How do I protect myself legally from a parent who is threatening legal action? - AgingCare.com

How do I protect myself legally from a parent who is threatening legal action?

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My parent is in assisted living. He can not perform his basic daily needs without assistance. He is a fall risk, almost entirely bound to a wheelchair and can not speak anymore. Yet he is competent mentally. He insists on coming to live with my family. We are against it for many practical and personal reasons which we've explained many times over. Now he is threatening me with legal action saying he can not be forced into assisted living. He was not forced. He signed documents to be admitted. He was reluctant but he knowingly agreed to enter assisted living. They take great care of him but he feels he doesn't belong there. How am I obligated to bring him in with us? I know in my gut that it is the wrong thing to do.

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He had a stroke, several small ones.
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Imho, he's not all that competent mentally if he can't understand how much care he needs. Are his disabilities the result of a stroke? Could there be some dementia?
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Thank you all for your support. I really appreciate it. My parent is of sound mind but in denial of how much care and supervision he really needs not to mention how taxing it is on my family emotionally. I know in my gut that bringing him back to our home is a bad idea. I think what he fears more than anything is running out of money and ending up in a nursing home. It's not pretty. I hate to see him in this situation but I am at a loss on what else he can do. However I did not put him in this difficult situation. Had he sought medical help sooner and listened to my pleads that he do so I honestly believe he could be in much better physical health and would not be dependent on others for help. I arranged for him to be in an ALF, a good one, where they treat him very well so that he may live in comfort, without worry and so that we may enjoy quality time when we visit him. I did it with his best interests in mind at least for as long as he can afford it. He agreed to enter the ALF, al beit, reluctantly, but did so under his own volition (he signed the contract). Now he wants out, claims he doesn't need all that care for all that money, can return home and get enough care for a fraction of ALF, and is threatening me with legal action claiming I forced him in there. It's ridiculous. Sorry I'm just venting here. It just really hurts when your parent threatens legal action for something that you did with everyone's best nterest in mind especially his.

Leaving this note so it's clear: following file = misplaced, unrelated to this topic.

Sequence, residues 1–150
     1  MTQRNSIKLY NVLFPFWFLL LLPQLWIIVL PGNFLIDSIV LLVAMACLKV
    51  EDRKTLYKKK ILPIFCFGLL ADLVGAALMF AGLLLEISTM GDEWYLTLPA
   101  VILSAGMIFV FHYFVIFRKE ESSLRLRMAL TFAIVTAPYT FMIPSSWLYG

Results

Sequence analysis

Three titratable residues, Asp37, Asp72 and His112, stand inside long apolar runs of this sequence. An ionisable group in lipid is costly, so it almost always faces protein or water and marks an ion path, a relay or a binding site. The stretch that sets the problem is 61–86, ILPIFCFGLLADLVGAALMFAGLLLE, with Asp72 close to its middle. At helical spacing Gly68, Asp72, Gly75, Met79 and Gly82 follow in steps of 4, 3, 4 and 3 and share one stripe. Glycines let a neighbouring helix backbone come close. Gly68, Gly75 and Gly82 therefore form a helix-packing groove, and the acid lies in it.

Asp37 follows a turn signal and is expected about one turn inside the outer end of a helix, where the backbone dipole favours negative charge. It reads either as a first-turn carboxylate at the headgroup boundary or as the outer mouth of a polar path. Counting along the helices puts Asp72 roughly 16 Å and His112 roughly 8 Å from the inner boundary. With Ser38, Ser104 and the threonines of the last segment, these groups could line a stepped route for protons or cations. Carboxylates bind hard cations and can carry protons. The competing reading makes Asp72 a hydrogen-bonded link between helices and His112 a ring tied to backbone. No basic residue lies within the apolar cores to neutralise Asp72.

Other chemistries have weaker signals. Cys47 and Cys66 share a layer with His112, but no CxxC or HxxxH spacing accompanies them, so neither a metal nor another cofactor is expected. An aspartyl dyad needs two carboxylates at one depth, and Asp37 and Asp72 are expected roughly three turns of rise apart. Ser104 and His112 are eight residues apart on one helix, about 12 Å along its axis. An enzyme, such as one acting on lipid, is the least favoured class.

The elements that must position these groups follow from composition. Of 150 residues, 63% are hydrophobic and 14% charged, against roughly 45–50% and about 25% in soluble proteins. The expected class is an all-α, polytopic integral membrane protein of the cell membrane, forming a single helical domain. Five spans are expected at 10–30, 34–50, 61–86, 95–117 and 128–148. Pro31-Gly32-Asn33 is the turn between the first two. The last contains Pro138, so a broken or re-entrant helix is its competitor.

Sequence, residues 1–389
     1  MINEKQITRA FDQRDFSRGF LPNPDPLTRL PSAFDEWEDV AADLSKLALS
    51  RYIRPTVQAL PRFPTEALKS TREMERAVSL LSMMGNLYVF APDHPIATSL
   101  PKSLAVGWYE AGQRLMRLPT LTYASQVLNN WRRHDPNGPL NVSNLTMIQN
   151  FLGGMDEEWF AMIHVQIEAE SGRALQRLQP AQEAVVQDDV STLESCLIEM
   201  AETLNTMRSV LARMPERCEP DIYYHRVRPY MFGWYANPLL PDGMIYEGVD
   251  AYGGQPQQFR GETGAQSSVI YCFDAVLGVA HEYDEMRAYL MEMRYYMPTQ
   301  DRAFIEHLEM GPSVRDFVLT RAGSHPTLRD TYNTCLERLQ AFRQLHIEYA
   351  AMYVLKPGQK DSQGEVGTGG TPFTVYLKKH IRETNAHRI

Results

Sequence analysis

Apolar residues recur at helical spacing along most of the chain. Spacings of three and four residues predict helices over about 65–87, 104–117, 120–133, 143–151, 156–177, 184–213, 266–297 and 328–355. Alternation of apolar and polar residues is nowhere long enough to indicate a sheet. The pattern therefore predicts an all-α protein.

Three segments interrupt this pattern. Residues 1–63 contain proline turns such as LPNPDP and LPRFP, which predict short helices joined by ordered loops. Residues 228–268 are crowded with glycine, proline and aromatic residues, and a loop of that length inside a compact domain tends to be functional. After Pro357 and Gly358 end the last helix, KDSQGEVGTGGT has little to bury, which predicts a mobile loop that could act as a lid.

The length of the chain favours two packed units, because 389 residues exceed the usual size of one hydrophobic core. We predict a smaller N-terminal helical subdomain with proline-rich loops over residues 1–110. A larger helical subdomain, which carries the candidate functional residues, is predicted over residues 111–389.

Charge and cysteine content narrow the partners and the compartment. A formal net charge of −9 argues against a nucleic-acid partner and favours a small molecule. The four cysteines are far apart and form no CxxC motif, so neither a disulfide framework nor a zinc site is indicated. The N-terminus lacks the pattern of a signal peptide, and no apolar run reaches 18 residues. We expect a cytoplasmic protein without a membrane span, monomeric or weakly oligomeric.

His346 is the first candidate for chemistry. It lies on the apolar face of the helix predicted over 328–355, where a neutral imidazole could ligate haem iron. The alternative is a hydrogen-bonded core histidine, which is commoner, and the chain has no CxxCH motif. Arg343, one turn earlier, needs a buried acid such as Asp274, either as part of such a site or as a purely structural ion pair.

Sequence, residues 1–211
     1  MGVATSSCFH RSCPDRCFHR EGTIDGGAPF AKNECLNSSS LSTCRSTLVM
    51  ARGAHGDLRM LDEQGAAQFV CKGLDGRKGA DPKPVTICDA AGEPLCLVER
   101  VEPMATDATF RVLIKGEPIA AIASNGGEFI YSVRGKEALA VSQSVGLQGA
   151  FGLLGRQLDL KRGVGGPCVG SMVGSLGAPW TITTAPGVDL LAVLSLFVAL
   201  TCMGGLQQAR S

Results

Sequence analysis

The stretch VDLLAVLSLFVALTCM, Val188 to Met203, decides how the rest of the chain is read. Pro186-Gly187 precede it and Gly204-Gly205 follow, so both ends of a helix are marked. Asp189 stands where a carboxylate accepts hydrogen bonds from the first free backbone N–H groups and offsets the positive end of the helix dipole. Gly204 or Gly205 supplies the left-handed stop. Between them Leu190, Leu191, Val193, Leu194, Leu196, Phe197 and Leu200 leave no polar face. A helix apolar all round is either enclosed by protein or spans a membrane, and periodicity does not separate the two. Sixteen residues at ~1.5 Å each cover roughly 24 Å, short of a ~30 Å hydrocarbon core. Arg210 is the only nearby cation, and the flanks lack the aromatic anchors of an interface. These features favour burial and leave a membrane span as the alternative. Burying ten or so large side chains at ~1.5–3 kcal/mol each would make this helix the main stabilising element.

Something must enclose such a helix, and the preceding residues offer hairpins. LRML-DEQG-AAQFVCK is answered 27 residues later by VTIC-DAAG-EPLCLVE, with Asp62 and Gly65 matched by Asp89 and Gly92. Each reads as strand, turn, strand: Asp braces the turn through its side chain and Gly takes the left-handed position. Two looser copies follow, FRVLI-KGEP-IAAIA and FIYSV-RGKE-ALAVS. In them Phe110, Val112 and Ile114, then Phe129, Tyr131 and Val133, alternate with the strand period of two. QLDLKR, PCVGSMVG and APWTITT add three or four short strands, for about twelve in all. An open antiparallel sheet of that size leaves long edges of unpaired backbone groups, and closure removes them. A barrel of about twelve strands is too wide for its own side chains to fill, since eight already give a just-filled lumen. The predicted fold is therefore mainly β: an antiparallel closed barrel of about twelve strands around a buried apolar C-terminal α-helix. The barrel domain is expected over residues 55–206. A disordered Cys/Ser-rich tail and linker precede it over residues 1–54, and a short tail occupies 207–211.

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He's right - he can't be forced into assisted living. He's not entitled to live with you, though, as others have said. Apart from the labor and worry of having a disabled parent in your home, you have one who's contentious and hostile. Certainly you don't want him under your roof. What would he do - call the police if you ran out of ice cream?

Another thing you (and everyone) should consider. Once you have an impaired person in your care, and especially in your home, it's extremely difficult to find an exit plan. In some states, you can be liable for neglect if you want to stop taking care of him. It's difficult to evict someone who's relying on you for help and care. We've seen several variations on that theme on this very board. Don't even think about it. Tell him he's free to move out of the AL, but he will have to take care of himself or arrange his own care from that point on. I agree with Countrymouse ... call his bluff!
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Don't even think about bringing him into your home. You've gotten through one of life's toughest battles, getting him in care in the first place. The staff there go through this all the time and can handle it. No one can sue you or forced to take home a person with all his needs.
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Zebra, I know of no law where a grown child has to take in their parent.

Good heavens, doesn't your Dad realize he is in assisted living because that is the best place for him because of his physical disabilities? Could he be in denial of his condition? Maybe he doesn't really realize that he needs 168 hours of care per week, and if he did move in with you, he would need 3 caregivers per day, and 3 more on the weekends... that is more expensive than him living at his assisted living.
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You are not under any obligation to bring your father to live with you. There is no law on earth that obliges you to accept a parent in your own home. If your father is competent and wishes to leave the ALF, he is of course entirely free to make alternative arrangements. Equally, you are entirely free to point out that whatever those arrangements might be, they will not include the option of moving into your home. Stand firm and call his bluff.
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